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Amplifier Worship


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Audio CD, March 11, 2003
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Biography

BORIS has always demolished expectations of what a band can do musically and aesthetically. In keeping with that tradition, they again flip the script for the band’s first official release in three years by serving up their most all-encompassing effort to date. Noise is an amplification of BORIS’ endless pursuit of musical extremes while moving aggressive, intense rock into new ... Read more in Amazon's Boris Store

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for 26 albums, 18 photos, and 1 full streaming song.

Product Details

  • Audio CD (March 11, 2003)
  • Number of Discs: 1
  • Label: Southern Lord
  • ASIN: B000083MF6
  • Average Customer Review: 4.2 out of 5 stars  See all reviews (16 customer reviews)
  • Amazon Best Sellers Rank: #170,864 in Music (See Top 100 in Music)

1. Huge
2. Ganbow-Ki
3. Hama
4. Kuruimizu
5. Vomitself

Customer Reviews

Blistering feedback and the most dropped tuning and droning you could imagine this side of the Sunn.
t-diggs
While there are parts of the album that remind me of previous recordings, and yet the whole thing together makes for something very new.
Miley MM
Highly recommended for fans of this sound and style or just those wanting something heavy with a twist.
Tom Chase

Most Helpful Customer Reviews

15 of 16 people found the following review helpful By t-diggs on July 12, 2006
Format: Audio CD
This Boris album is a great and lumbering beast. Sneering with rows of teeth, gleaming darkness in its eyes, about to devour the world you once thought was so safe.

It starts with the aptly titled "Huge". this song is nothing but, HUGE. Lacking a traditional song sturcture for the first 7 or 8 minutes, it just repeats a massive crushing riff, doubling over on itself, and just when you think "Hmmmm, a Sunn 0))) rip off" drums come pounding in at a snails pace. The space between the notes is what really grasps you on this tracks as chords ring, distorted and distended for moments on end....This is the genesis of the aformentioned beast. And a great intro to an enormous album. At 9 minutes you are feeling uncomfortable, dont worry, you are getting appropriately prepared for utter devastation.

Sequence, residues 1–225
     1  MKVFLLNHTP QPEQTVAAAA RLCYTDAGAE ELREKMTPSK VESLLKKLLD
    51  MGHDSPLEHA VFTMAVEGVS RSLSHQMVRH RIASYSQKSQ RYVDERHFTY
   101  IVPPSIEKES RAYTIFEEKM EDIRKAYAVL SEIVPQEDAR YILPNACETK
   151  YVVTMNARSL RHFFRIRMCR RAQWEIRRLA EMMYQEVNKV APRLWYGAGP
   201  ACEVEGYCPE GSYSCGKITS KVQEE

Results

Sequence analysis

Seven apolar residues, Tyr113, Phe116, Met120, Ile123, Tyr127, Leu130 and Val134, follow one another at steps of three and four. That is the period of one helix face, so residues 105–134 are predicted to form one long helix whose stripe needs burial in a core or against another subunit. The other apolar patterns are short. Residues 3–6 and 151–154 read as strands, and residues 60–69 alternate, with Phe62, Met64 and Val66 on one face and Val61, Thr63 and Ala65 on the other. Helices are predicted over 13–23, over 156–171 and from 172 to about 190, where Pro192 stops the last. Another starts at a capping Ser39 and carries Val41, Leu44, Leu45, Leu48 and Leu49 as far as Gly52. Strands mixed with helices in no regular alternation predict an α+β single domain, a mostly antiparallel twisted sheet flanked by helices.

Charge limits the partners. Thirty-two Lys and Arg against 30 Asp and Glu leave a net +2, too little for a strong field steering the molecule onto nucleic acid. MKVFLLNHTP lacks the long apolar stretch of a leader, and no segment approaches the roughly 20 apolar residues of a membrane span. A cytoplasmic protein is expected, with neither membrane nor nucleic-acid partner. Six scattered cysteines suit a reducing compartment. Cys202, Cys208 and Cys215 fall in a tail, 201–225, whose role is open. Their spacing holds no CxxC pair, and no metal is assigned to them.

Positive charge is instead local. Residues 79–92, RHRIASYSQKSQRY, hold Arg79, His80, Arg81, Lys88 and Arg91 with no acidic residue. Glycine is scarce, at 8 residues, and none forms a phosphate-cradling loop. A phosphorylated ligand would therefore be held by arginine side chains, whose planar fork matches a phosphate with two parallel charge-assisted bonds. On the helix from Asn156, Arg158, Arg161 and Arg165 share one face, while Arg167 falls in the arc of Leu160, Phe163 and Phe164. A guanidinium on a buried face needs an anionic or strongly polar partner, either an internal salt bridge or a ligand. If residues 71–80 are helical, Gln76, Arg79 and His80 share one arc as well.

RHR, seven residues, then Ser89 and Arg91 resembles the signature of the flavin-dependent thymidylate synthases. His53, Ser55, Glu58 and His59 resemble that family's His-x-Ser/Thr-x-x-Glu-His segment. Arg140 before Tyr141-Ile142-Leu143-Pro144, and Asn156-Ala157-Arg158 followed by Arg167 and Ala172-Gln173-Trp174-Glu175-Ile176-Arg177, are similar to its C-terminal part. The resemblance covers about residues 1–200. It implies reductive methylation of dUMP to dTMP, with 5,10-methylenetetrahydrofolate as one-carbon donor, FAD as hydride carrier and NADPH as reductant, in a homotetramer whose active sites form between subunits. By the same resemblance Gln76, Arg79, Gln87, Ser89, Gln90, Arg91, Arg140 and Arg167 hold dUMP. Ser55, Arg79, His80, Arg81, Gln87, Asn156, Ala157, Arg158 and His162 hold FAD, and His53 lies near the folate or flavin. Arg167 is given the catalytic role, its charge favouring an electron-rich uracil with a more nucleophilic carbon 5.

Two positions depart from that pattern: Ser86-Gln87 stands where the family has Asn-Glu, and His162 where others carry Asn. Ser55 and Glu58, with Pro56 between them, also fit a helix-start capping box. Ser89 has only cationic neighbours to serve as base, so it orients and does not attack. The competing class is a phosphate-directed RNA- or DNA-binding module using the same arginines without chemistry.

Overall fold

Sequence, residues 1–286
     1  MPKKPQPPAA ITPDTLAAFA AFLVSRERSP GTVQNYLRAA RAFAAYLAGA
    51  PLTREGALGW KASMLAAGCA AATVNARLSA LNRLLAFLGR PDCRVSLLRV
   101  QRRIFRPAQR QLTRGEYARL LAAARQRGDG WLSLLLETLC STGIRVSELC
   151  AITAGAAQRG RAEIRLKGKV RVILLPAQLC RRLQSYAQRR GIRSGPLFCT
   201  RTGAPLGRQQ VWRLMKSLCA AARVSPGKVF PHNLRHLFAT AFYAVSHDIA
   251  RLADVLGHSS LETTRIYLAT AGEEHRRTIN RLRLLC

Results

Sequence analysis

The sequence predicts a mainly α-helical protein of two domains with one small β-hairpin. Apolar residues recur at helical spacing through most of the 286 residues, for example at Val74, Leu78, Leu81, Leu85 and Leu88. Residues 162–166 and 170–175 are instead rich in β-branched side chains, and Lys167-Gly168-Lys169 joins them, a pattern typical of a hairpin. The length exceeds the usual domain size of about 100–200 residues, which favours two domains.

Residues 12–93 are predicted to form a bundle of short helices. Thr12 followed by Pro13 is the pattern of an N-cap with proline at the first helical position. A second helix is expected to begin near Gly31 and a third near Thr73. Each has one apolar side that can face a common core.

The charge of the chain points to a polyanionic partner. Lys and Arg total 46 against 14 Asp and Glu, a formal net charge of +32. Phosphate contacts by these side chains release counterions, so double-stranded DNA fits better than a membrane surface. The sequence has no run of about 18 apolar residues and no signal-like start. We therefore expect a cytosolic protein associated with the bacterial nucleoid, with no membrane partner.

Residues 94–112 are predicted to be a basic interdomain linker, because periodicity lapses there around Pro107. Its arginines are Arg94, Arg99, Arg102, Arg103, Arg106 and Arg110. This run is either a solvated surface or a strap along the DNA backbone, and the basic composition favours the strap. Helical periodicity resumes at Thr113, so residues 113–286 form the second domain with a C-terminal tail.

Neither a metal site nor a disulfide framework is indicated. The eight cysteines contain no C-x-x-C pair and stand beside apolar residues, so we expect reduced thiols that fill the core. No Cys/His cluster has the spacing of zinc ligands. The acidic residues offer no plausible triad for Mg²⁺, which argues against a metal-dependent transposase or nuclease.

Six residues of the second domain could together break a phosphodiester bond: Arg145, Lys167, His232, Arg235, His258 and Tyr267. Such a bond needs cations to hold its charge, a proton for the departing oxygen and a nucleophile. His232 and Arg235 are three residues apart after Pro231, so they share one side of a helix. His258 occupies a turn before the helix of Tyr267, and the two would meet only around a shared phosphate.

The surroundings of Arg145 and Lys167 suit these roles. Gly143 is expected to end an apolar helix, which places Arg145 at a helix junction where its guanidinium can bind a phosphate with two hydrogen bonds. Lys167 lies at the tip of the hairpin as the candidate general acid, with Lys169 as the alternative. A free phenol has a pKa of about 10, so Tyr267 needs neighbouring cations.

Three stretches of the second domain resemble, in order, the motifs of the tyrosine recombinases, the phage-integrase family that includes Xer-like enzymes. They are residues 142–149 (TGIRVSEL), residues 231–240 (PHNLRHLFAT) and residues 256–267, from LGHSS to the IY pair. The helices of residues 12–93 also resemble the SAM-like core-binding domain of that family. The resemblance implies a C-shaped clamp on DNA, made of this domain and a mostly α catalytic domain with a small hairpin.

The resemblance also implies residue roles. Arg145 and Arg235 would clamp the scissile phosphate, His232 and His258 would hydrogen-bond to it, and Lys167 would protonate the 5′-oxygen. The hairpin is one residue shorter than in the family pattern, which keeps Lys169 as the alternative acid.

Ganbou-Ki sets the tunes into action with an incredibly anguished howl and more downtuned lurching guitar and devastating drum and bass pummel before skirting off to the sides of your sanity with a heavy hypnotic bass section. This part of the song, long and unhurried, quiets down the immense pressure put on it, only to add pyschedelic feedback and tribal drumming, and a mounting tension that threatens the quiet security one might find in this piece....Warped guitar soloing enters after a period of almost tranquil and interminable quiet and the bass and drums begin setting the stage for a second pummeling. This track is 15 some-odd minutes long and by now you should understand whether or not you are ready to put up with this kind of self indulgent doom. If not, Bail NOW!. If you do have the patience, please continue for a sonic adventure sure to keep your ears ringing.
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4 of 4 people found the following review helpful By E. Roberts on March 21, 2005
Format: Audio CD
Mr. MC Hood makes a lot of fine points and is quite right on a lot of them. This album is not perfect, the songs aren't perfect, and there are other suitable directions the production could've taken.